How to Cook Red Camargue Rice

by A.J. Andrews

Items you will need

  • Mesh strainer
  • Saucepan or pot
  • Cold water or stock
  • Thick tea towel or kitchen towel

France usually doesn't come to mind when the topic of cooking rice comes up, but Camargue red isn't a usual rice, either. Camargue red is an organic rice cultivated in the Camargue region of France, near Provence. Location makes Camargue red different from other rice; the Rhone irrigates the paddies, and Mistral wind and Mediterranean sun dry the grains. Camargue red gets its color from pigments in the germ, which remains undisturbed during harvest. You have to cook Camargue red using a combination simmering-steaming method, and, because of the intact germ, you can expect a tender but satisfyingly toothsome bite.

Step 1

Rinse the Camargue rice in a mesh strainer under cold running water until the water runs clear. Drain the rice and add it to a saucepan or pot.

Step 2

Cover the rice with a few inches of cold water or stock and season it to taste. Camargue rice will almost absorb an equal amount of water, and you need enough to keep it boiling continuously for 30 minutes.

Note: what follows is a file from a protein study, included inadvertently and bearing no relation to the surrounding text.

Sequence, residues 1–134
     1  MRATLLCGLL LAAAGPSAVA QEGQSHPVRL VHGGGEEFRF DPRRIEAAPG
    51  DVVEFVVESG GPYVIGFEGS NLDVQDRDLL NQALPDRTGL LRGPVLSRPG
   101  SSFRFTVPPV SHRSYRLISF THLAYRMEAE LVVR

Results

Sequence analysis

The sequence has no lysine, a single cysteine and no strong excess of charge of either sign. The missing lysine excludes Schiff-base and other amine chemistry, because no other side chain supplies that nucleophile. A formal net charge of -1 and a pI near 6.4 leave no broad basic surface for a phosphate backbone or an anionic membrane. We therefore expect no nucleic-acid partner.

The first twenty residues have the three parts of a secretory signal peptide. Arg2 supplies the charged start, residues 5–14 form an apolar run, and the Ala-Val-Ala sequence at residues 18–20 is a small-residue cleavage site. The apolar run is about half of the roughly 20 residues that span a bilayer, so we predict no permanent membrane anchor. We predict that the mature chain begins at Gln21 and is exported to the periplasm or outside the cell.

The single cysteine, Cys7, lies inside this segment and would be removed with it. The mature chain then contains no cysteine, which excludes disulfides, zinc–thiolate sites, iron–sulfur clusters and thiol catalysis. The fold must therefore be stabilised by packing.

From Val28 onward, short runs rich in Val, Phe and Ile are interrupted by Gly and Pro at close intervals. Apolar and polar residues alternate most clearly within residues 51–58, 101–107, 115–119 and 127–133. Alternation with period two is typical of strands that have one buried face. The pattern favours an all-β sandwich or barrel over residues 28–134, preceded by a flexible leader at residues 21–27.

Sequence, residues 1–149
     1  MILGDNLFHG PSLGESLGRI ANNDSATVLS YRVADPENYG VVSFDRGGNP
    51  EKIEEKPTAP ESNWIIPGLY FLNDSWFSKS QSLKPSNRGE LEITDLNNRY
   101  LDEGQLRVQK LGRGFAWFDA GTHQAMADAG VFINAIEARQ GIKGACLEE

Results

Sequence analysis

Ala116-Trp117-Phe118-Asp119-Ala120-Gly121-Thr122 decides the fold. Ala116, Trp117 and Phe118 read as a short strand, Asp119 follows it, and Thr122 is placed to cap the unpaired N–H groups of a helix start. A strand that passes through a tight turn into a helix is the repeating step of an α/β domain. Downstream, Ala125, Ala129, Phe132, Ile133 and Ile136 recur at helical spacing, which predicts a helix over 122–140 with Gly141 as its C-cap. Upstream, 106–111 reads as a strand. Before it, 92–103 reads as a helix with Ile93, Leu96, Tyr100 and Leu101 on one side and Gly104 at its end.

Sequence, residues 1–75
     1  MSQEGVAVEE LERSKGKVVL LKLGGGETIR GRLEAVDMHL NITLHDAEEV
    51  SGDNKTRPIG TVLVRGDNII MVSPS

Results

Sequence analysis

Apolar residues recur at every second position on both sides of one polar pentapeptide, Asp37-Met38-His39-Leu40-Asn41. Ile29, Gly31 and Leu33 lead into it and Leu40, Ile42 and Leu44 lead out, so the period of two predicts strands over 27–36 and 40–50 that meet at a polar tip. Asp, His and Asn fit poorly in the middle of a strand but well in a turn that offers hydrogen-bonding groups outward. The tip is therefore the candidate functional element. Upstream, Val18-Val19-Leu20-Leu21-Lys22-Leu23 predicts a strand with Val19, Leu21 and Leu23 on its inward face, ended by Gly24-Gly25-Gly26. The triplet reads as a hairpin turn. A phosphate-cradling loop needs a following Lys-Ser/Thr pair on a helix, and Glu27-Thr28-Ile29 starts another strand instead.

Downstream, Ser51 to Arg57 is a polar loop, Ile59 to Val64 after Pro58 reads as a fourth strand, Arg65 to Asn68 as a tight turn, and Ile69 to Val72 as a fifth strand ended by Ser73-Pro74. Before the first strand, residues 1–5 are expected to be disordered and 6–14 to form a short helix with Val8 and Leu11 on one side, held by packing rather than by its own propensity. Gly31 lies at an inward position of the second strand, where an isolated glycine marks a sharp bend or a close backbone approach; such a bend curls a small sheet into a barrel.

Step 3

Bring the stock or water to a boil and cook the Camargue rice for 30 minutes. Drain the Camargue rice in a mesh strainer for about 10 seconds and return it to the saucepan.

Step 4

Cover the saucepan with a thick tea towel or a folded kitchen towel. Place a heavy lid or cover on the saucepan and set it aside off the heat.

Step 5

Allow the Carmague to sit for 10 minutes to steam, then fluff it with a fork. Drizzle olive oil or a little butter over the rice and work it in with a fork, if desired.

Tips

  • If you want the Carmague rice a little softer, steam it as much as 5 minutes longer. The starch really comes out when you overcook it, and quickly gums up the entire dish.

    Camargue red's texture and bite make it a good fit for cold salads and salads mixed with whole grains.

About the Author

A.J. Andrews' work has appeared in Food and Wine, Fricote and "BBC Good Food." He lives in Europe where he bakes with wild yeast, milks goats for cheese and prepares for the Court of Master Sommeliers level II exam. Andrews received formal training at Le Cordon Bleu.